This is my current design inspiration for conservatory decor. It is a Cycladic terra cotta vessel from 2000 BC — ! — found on Naxos. I’m smitten with everything about it: the spiral waters, fish, the sun, or maybe a full moon? (From Art of Crete, Mycenae and Greece by German Hafner, 1968, public library.) 


A last peek at the conservatory in the night studio, with the standing walls. For now.


In real life, I’m working on a landscaping project on the side of our hillside house under the sunroom add-on. The soil is compacted and full of rubble, and I’m putting down flattened cardboard to suppress what weeds do grow, and adding top soil, compost and worm castings. There’s next to no direct sun, so I’m transplanting hardier succulent cuttings to see what will survive. They get a little leggy reaching for the light, but they’re doing all right. In September I noticed what looked like a young tomato plant growing at the back of the area, evidently self-started from the compost. When it put out flowers I was charmed; what hope and vigor this plant has! And then the other day I noticed it had made a tomato! A single, multi-lobed heirloom. In December! It’s like a miracle :)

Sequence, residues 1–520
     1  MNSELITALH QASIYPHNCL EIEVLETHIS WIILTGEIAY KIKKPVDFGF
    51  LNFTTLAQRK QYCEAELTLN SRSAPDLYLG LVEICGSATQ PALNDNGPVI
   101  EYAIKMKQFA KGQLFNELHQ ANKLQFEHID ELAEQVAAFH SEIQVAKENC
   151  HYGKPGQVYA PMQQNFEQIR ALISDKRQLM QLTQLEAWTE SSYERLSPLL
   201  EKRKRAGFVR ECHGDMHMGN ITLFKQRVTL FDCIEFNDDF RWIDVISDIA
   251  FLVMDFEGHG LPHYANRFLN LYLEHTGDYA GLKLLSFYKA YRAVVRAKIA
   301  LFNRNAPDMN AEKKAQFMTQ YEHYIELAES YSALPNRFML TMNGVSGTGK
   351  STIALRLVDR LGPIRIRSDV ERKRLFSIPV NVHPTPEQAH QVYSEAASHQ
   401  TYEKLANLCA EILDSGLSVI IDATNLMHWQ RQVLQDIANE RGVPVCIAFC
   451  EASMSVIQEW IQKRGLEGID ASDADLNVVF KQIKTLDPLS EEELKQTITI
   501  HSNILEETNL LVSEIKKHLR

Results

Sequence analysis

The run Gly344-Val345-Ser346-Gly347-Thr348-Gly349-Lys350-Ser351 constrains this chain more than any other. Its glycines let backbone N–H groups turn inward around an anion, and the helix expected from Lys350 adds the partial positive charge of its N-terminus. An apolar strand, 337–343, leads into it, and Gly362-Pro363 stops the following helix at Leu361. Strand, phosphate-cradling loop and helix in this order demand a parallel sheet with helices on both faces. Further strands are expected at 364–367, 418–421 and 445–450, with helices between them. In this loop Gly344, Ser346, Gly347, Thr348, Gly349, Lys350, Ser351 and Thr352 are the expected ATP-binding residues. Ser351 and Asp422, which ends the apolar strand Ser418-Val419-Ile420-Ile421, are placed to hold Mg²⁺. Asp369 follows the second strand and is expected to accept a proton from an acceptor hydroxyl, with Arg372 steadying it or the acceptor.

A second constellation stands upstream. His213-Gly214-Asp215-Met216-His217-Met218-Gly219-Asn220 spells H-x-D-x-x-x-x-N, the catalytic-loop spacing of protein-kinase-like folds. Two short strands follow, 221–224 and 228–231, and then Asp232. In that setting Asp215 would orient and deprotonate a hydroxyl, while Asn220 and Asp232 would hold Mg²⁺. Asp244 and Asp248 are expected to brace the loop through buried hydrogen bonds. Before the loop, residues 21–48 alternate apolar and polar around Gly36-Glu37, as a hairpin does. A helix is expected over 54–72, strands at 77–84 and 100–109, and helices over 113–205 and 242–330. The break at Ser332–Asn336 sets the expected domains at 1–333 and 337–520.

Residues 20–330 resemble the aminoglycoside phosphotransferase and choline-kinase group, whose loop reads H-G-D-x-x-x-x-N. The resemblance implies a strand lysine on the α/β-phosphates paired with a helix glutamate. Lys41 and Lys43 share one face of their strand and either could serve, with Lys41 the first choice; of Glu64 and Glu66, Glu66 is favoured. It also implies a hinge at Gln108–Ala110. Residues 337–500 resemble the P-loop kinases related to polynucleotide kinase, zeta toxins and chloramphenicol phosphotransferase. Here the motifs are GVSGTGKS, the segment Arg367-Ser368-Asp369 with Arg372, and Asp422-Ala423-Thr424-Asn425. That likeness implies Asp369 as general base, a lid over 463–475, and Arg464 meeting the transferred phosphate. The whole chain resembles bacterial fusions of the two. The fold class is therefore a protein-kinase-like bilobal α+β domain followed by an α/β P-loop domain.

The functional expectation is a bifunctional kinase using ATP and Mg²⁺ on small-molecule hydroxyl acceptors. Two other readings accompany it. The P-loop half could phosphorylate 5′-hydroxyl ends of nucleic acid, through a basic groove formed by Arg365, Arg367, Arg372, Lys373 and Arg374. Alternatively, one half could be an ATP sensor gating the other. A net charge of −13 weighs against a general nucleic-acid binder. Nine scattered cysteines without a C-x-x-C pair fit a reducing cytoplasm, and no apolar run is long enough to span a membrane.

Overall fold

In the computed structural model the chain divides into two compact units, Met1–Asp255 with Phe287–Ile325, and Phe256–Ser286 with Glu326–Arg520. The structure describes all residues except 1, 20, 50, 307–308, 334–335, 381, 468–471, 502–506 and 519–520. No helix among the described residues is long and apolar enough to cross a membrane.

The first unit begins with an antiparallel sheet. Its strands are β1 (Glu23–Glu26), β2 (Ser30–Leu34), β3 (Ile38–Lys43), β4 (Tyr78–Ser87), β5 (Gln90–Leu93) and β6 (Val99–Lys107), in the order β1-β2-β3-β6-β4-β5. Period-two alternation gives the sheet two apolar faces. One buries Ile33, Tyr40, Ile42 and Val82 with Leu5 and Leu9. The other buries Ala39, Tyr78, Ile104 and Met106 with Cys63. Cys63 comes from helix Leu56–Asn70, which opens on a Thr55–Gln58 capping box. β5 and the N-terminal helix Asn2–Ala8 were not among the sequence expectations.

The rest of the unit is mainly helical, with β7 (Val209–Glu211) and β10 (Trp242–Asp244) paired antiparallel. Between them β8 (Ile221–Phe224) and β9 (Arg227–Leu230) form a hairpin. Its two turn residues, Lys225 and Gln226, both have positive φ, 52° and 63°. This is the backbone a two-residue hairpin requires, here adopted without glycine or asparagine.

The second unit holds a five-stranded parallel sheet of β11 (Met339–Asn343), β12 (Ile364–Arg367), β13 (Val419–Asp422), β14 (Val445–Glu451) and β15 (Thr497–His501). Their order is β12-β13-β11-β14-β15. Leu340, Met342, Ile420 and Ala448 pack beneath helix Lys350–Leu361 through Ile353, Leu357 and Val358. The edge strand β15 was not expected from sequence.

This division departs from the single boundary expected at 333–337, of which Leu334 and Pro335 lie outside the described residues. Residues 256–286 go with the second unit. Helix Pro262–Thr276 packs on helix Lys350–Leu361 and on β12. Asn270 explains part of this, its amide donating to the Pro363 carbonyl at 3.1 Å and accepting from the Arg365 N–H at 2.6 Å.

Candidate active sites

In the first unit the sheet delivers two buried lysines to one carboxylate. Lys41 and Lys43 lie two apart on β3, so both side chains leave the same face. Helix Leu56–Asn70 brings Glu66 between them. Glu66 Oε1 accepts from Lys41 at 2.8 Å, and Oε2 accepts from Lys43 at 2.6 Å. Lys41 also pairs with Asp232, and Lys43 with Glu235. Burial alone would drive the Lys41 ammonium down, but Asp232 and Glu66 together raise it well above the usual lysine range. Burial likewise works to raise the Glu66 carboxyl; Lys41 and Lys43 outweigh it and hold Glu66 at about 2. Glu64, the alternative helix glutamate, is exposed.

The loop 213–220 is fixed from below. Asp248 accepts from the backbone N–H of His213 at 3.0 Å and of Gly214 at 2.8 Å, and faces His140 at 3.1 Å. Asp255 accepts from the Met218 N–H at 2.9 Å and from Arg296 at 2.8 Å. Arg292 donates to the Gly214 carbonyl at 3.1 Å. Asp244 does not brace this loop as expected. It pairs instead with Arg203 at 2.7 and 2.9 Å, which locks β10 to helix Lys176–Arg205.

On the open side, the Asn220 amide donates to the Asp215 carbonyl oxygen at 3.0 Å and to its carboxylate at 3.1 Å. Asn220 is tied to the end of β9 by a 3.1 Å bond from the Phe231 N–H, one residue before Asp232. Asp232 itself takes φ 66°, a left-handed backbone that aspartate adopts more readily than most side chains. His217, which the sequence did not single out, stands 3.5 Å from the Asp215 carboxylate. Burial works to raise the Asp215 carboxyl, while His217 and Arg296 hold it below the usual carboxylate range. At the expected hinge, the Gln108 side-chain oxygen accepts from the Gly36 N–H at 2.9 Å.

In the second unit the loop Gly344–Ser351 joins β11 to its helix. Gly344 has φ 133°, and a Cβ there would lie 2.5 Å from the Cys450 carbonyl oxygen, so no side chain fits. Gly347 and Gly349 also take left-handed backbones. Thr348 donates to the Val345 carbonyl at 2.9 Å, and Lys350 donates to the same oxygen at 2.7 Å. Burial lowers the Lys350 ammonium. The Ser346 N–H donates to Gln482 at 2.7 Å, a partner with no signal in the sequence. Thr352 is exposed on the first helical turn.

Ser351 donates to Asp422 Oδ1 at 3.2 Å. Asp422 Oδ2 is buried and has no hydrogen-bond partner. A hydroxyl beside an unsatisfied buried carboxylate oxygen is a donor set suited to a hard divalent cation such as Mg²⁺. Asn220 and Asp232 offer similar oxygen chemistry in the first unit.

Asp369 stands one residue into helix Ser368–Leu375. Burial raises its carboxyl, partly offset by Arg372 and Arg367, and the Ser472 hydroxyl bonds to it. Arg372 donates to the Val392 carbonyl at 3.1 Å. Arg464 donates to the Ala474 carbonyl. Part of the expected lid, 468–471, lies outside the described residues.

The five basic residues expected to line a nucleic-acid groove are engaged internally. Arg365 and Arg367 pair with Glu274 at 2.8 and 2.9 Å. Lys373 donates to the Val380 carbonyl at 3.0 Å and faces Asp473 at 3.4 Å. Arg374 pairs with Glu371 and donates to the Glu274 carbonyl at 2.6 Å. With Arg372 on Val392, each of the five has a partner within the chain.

And finally, here’s one for your reference files. Look at the beautiful rust pattern and colors on this cast iron plancha, sadly left out in the rain next to the BBQ. (Left behind when our neighbors moved, it was already warped, but was still serviceable for outdoor cooking.) We’ll see if I can bear to scour it clean, or if it joins the Things That Are Rusting collection.